The NRA in the United States would have us believe that it is a person’s right to own a gun. In another time it would have been, when the nearest law enforcement was the next valley over or there wasn’t another person within acres of your land and the possibility of bandits were an issue. But this is not the Old West or DEADWOOD. This isn’t Al Swearengen having to defend his business against those like George Hearst who’d dare to come in and take it over. This is 2010 where the nearest neighbour is in the apartment or the house next door. We’re stacked too close together to have to have weapons to protect us and with law enforcement a telephone call away. And certainly not the weapons favourited by the likes of Gray and Dylan Kleibold and Eric Harris. Within weeks of the Columbine shooting, the NRA held a convention in Colorado where then NRA leader and actor Charleton Heston entoned, “Not from my cold, dead hands,” like he was re-enacting some scene from one of his movies. This isn’t PLANET OF THE APES or SOLENT GREEN, this is America in the 1990s where we don’t need to be ‘locked and loaded’ as Sarah Palin would say.
One should be asking why the NRA and other such gun lobbiests need to continue to tout the Second Amendment in such times as these. The simple answer should be that no one should have to own a gun. The more complicated issue is deep set in the fabric of the society that continues to allow these kinds of guns to be sold in gun shows and other venues where there are no checks to find out if the potential owner has a prison record, or a record of mental issues. These types of venues don’t care. They only care for the ability to own, but not be responsible. Kleibold and Harris weren’t even old enough to be able to obtain the weapons they had including bomb making materials, so they asked someone to get the guns for them. The issue here is who should be responsible? Kleibold and Harris’ parents should have been held accountable for what their sons did, and they were sued by family members of the victims killed. The NRA would have us believe they care for responsible gun ownership, but they do nothing to make sure their venues are closed to such things as a mentally disordered person who might be able to buy a gun and use it for just such a killing spree, because let’s face it, the only thing one can do with one of these kinds of weapons is to use them for killing many.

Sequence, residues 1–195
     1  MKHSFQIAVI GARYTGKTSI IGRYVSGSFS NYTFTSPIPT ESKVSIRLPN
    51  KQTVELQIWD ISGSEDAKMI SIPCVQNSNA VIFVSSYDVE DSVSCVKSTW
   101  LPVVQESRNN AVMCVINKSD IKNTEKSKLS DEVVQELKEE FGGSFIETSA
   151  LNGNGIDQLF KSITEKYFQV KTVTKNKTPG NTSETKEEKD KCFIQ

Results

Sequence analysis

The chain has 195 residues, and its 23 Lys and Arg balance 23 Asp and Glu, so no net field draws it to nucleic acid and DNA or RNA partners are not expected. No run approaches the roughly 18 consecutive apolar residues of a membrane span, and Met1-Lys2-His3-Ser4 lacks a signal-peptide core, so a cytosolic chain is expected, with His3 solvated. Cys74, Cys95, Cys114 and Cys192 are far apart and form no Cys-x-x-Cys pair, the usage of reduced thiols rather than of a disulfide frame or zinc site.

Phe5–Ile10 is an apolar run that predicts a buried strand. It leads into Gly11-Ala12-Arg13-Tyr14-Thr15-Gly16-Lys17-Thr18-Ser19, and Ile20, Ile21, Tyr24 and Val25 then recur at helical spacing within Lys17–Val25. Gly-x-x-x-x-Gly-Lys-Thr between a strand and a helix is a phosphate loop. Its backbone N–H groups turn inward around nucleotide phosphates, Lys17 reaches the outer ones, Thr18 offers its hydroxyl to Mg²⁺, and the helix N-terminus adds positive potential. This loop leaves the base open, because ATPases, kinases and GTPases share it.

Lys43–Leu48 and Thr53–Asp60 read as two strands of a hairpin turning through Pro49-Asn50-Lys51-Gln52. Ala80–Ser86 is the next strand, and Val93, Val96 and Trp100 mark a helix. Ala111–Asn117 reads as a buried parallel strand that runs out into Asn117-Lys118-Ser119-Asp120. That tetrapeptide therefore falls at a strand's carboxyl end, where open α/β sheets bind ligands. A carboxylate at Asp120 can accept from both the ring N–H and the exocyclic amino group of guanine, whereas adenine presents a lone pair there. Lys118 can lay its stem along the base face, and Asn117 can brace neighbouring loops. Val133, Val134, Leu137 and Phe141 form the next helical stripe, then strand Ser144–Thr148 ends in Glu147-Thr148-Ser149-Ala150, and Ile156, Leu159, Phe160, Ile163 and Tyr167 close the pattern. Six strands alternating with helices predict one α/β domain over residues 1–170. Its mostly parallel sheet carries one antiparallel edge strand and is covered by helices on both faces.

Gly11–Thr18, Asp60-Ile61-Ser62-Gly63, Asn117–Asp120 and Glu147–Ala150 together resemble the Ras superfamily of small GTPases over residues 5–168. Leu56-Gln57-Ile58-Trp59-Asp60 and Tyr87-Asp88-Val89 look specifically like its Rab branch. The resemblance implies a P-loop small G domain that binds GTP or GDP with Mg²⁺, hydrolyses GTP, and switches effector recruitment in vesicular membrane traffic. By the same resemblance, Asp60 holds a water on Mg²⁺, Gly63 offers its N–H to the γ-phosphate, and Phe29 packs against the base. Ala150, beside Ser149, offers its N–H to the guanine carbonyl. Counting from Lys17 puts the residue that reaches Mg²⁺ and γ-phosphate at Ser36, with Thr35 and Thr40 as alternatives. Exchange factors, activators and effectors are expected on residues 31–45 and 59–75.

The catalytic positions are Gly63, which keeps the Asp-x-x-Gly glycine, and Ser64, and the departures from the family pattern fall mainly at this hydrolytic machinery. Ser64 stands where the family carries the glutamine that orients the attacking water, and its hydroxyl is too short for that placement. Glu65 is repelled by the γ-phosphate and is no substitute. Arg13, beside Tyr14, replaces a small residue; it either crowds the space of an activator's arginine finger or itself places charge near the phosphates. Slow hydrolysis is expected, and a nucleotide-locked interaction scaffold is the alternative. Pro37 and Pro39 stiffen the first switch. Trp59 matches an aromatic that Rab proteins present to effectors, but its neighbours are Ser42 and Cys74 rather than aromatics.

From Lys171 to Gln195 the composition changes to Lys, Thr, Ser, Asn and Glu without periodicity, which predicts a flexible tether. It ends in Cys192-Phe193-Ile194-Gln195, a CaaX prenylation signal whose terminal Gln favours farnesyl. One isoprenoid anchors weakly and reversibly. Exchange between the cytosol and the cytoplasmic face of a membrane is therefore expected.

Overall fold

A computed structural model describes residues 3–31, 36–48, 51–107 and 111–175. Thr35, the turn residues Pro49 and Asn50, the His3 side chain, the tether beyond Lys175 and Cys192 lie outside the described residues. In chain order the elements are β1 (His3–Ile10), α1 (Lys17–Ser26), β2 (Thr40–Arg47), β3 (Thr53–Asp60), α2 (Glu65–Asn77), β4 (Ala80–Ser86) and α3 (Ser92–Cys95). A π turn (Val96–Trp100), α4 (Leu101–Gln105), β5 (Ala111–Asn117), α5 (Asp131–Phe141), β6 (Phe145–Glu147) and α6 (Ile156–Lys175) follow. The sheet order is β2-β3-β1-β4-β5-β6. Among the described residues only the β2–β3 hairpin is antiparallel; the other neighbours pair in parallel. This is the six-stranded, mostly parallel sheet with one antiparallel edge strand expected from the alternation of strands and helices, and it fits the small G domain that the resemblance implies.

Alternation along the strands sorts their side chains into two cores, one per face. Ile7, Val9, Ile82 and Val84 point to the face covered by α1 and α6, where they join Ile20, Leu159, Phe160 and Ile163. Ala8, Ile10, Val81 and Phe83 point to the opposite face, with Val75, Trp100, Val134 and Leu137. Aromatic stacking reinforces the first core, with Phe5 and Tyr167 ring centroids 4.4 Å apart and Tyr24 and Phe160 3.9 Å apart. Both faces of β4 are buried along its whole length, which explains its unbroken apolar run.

So we go back to David Malcolm Gray, a loner with a mental disorder and the ability to own guns he should not legally been allowed to own. New Zealand enacted gun control measures as a result of Gray’s killing spree. I say, the horse already escaped, why close the barn door now. Why does it take these kinds of incidents to get the ball rolling to restrict these kinds of weapons? Why not keep these kinds of weapons out of the hands of the general public who have no right to own them? With ads for gun sales in the backs of magazines and other periodicles, it is so very easy to order them via the mail or on Ebay. There are no laws to prevent such weapons from passing through postal stations or Fed-Exing them as there should be. How about just not at all? Why not just say, “These kinds of guns are not allowed to be owned by a private citizen”? Well because gun owners and lobbiests cry and stamp their feet their rights are being trampled. Well how about those who are killed or wounded by such guns every time someone goes postal and shoots up an office building or a school or a small town? Where do they get their rights or lives back?
OUT OF THE BLUE is gutwrenching to watch. it is unflinching in the events as they happened and when Gray is finally taken out by New Zealand special forces operatives sent from Wellington to find Gray, we are left with the feeling of satisfaction. Satisfaction that the man responsible for the deaths of five children and six adults in the rampage, is finally dead. Does that make us monsters for wanting men like this ‘taken out’? I don’t think so. I think it means we are for justice and for the rights of citizens to be paramount to out elected law makers. We want to know they have our best interests at heart and are not part and party to these NRA types who decry it’s their right to own them.